Sheats Goldstein residence: The Big Lebowski house donated to LA museum in the hope of encouraging more creative architecture

'I want people to build houses in a way that hasn't been done before'

Few would disagree that architecture has gotten pretty depressing recently, with practicality usually trumping aesthetics, but James Goldstein is doing his bit to change that.

The millionaire is donating his luxury house - which was famously used in the Coen brothers’ The Big Lebowski film - to the Los Angeles County Museum of Art (LACMA), which will ensure the property maintains its distinctive look.

"Los Angeles should represent a city that's contemporary and moving into the future," Goldstein said.

"I want people to build houses in a way that hasn't been done before that are moving into the future instead of the past, so I hope my house is an inspiration for that kind."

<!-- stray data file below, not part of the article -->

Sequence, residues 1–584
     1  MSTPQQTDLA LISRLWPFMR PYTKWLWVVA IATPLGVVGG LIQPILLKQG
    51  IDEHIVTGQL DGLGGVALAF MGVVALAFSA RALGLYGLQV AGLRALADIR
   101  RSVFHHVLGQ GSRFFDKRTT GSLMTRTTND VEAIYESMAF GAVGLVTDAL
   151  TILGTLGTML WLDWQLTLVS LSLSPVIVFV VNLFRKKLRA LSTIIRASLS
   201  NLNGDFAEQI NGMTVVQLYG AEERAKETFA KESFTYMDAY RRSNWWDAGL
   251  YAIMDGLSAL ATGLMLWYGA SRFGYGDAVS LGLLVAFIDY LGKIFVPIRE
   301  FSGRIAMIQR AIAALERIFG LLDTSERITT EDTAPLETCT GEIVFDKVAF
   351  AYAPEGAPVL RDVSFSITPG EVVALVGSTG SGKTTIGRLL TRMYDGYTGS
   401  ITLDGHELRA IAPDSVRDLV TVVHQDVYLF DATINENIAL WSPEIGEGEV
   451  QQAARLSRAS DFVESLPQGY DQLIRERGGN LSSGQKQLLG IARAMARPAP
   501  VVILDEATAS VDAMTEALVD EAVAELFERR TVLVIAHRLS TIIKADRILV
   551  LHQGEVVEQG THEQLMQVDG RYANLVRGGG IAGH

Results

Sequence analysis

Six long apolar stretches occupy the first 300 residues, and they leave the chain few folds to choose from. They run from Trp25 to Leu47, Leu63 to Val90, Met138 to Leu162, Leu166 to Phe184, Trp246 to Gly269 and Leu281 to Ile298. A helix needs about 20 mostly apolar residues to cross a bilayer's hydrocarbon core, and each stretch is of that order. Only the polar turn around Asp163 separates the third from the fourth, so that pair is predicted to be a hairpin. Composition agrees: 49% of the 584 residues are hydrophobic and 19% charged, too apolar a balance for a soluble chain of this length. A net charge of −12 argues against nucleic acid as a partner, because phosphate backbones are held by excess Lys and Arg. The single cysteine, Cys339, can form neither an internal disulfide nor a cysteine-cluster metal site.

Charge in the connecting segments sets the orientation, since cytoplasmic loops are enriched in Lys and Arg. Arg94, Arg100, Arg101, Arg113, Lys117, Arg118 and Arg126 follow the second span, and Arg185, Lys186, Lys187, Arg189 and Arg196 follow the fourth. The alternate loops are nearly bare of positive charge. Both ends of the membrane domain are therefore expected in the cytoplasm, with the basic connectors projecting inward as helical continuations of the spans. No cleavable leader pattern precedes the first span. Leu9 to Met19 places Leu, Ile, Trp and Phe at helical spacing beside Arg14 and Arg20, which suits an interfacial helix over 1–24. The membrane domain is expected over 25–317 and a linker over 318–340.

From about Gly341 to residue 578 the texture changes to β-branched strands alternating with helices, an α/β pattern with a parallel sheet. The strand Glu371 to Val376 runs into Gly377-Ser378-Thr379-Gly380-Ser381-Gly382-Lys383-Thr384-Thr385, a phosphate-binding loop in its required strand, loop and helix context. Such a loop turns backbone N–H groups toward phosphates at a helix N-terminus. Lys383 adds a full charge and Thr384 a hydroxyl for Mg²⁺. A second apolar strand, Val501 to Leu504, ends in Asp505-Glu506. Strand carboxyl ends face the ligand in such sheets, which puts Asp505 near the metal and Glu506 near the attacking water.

The house has a seedy 70s vibe - all angular pools, floor to ceiling windows and low-slung couches - being used in the film as the home of a sleazy pornographer which The Dude visits.

"My favourite thing about this house really is the whole house and I mean it in a very specific sense that you walk through that little front door, you take a turn around in a narrow space with a low ceiling and you come through here and all of the sudden the house opens to the view of Los Angeles and you can feel like the house was designed in relation to that land, sea and sky of the Pacific Ocean and the coast of LA," said Michael Govan, the director of LACMA.

Goldstein, known for his flamboyant dress sense, has spent decades enhancing the house, which was also used in Charlie’s Angels: Full Throttle and for Vanity Fair’s Jennifer Lawrence shoot.